The Lovesong of Piltdown Man
They found me lying in gravel, a fragment paler than the quarry around.
Mornings I spent strolling the undergrowth with Marie. She was a dreamy Sussex girl, unfixed from time. She carried a pink parasol against the Cenozoic sun, swung her throat about in laughter, the white scissor of her knickers. My jaw held happiness in its hinge, each tooth filed to the historic. We played the chase of sloppy hominids, the taste of fruit and loose breath, everything offered utmost.
A second skull pulled from the socket of sediment, a female specimen.
Boughed under ancient trees, I reached for Marie, prim and pink, and she for me, rib along rib, the gaps dissolving. We lifted our bodies and laid them lengthwise, the tender nibbling of mandibles, after such slow culmination as we knew.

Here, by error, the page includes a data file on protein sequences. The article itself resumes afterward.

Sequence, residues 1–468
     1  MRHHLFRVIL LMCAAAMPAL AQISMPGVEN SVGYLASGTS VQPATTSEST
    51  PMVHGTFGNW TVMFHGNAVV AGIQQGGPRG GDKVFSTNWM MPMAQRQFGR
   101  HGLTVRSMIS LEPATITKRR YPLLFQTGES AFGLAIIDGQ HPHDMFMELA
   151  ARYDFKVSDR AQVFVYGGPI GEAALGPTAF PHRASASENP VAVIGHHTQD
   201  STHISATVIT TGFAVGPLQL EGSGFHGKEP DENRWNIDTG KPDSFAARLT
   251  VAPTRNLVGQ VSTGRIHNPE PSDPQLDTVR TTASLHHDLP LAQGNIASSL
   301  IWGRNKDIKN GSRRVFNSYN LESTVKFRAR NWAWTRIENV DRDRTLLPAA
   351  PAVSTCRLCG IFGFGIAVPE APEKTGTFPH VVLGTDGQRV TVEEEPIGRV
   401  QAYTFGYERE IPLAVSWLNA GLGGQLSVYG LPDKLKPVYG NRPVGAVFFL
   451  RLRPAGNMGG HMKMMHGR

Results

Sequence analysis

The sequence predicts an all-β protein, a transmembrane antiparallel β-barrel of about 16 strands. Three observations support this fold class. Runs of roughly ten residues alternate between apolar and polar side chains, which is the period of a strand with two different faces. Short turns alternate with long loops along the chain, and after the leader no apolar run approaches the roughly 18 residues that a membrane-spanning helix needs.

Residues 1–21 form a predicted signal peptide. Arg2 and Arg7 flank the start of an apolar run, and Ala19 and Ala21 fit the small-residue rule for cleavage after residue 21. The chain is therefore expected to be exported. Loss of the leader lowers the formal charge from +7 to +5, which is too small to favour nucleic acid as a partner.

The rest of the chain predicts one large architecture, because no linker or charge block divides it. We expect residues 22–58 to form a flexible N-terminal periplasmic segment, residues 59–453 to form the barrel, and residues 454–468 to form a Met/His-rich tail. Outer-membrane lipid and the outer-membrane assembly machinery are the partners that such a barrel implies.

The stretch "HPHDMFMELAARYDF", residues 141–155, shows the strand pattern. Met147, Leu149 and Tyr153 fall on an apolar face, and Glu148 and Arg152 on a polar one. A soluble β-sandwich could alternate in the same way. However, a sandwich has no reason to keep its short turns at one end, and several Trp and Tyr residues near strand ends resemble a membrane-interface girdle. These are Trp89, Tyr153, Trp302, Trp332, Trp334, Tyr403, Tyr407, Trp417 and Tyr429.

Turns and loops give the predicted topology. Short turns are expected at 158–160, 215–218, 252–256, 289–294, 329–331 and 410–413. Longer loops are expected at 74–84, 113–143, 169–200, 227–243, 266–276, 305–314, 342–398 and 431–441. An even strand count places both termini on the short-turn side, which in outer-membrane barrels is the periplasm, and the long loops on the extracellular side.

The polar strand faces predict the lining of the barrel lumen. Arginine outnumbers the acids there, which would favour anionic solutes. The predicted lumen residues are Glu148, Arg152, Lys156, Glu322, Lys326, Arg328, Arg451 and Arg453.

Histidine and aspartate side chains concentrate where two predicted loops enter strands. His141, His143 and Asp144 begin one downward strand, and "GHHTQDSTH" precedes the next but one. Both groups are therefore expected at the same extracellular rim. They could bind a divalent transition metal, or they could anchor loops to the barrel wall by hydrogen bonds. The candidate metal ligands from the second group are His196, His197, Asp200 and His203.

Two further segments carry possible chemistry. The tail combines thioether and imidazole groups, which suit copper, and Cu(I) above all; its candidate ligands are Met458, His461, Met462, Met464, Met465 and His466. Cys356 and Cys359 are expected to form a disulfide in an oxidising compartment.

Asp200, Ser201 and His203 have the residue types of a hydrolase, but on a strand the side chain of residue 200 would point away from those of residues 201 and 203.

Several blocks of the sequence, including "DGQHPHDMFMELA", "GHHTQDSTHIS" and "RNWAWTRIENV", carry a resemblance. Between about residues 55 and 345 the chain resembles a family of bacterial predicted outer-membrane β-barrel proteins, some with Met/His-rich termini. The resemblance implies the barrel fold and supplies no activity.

Evidence suggests the merging of three species into a single composite.
Oh the calumny! The blackening claims of men with hoaxed spirits and carbon brains! Do not waste your breath defending the evident, your sweet breath, Marie, the dear balm rubbed against veracity’s predators. What is history but a vault of musty wishes and scoundrel proofs? Let the dark rain of doubt blot our bones one by one. I still held you.
Steve Almond is the author of two story collections, My Life in Heavy Metal and The Evil B.B. Chow, the non-fiction book Candyfreak, and the novel Which Brings Me to You, co-written with Julianna Baggott. He lives outside Boston with his wife and baby daughter Josephine, who can and will kick your ass with cuteness. His website is www.stevenalmond.com.